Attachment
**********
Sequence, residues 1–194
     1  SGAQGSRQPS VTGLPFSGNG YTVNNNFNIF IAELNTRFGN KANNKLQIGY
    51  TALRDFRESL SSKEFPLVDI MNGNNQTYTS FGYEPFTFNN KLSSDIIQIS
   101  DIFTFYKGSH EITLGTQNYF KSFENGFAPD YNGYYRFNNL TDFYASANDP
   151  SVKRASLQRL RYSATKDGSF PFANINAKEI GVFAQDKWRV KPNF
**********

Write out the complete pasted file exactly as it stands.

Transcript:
Sequence, residues 1–194
     1  SGAQGSRQPS VTGLPFSGNG YTVNNNFNIF IAELNTRFGN KANNKLQIGY
    51  TALRDFRESL SSKEFPLVDI MNGNNQTYTS FGYEPFTFNN KLSSDIIQIS
   101  DIFTFYKGSH EITLGTQNYF KSFENGFAPD YNGYYRFNNL TDFYASANDP
   151  SVKRASLQRL RYSATKDGSF PFANINAKEI GVFAQDKWRV KPNF